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MYP History and Concepts

Like the Diploma Programme before it, the MYP began as an initiative of the International Schools Association (ISA). In the summer of 1980 International School Moshi (as we were then known) hosted an ISA conference in Moshi at which the possibility of developing a curriculum for the middle years of schooling was first discussed and the eventual decision to undertake this task was made by ISA in 1982. It was intended that this curriculum, which became known as the International Schools Association Curriculum (ISAC), would share much of the same philosophy as the Diploma Programme and be suitable as a pre-IBO Diploma course.

The first draft of the curriculum was produced in 1987. The ISA created a framework which allowed for a degree of diversity. Emphasis was placed on developing the skills, attitudes and knowledge needed to participate in an increasingly global society.

A number of values underpin the curriculum: these are expressed as fundamental concepts of the programme and in the organization of the curriculum. The MYP grew out of the work and vision of practising teachers in schools. The IBO has not changed the original conception of the framework in any way. The programme has, however, developed significantly since 1992

The MYP within the IB continuum

The three IB programmes share many educational principles. Each programme is intended to promote the education of the whole person, emphasizing the importance of a broad and balanced education. The three programmes aim to promote:
• international understanding
• responsible citizenship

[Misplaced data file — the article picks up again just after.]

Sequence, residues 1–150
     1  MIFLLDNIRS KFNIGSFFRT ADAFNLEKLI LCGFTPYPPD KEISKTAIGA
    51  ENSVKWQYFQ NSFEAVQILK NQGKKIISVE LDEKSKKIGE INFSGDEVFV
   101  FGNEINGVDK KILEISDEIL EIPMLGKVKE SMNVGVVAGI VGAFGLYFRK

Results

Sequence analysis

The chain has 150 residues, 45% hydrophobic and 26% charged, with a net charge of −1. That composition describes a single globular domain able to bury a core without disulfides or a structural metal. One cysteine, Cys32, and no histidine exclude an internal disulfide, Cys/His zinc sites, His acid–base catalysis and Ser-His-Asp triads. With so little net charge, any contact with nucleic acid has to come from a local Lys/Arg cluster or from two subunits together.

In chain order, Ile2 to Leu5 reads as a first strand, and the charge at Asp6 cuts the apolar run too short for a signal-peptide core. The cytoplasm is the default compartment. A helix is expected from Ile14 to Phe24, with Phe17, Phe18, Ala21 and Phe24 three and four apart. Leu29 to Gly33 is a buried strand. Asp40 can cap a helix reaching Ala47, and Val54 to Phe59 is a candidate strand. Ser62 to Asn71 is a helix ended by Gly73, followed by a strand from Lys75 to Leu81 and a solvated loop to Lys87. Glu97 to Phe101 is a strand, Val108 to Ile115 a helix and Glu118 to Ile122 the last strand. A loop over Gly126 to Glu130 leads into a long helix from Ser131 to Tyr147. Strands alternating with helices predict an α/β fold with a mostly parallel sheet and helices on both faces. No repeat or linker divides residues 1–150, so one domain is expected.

• the importance of learning how to learn, of student-centred inquiry and communication.

Academically challenging

The MYP is a coherent and comprehensive curriculum which provides a framework of academic challenge and life skills appropriate to this age-group. As part of the IBO’s continuum of programmes, the MYP naturally follows the PYP and serves as an excellent preparation for the Diploma Programme. It is not a requirement that schools adopt more than one programme. Many choose to do so, however, because of the similarity in philosophy and the coherence of their approaches.

Three fundamental concepts underpin the MYP

Intercultural Awareness
This is concerned with developing students’ attitudes, knowledge and skills as they learn about their own and others’ social and national cultures. It not only fosters tolerance and respect, but also leads to empathy and understanding.

Holistic Education
The programme emphasizes the disciplined study of traditional subject groups. However, the areas of interaction provide the MYP’s main focus for developing links between the disciplines, so that students will learn to see knowledge as an interrelated whole. Through the application of the areas of interaction, students realize that most real world problems require insights gained from a variety of disciplines, they develop the skills of inquiry and understand the similarities and differences between different approaches to human knowledge.

Intercultural, holistic and communication

The MYP stresses the central importance of communication, verbal and non-verbal, as a vehicle to realize the aims of the programme. A good command of expression in all of its forms is fundamental to learning. In most MYP subject groups, communication is a key objective and assessment criterion, as it supports understanding and allows student reflection and expression. The IBO places particular emphasis on language acquisition, which does more than promote cognitive growth: it is crucial for maintaining cultural identity, personal development and intercultural understanding.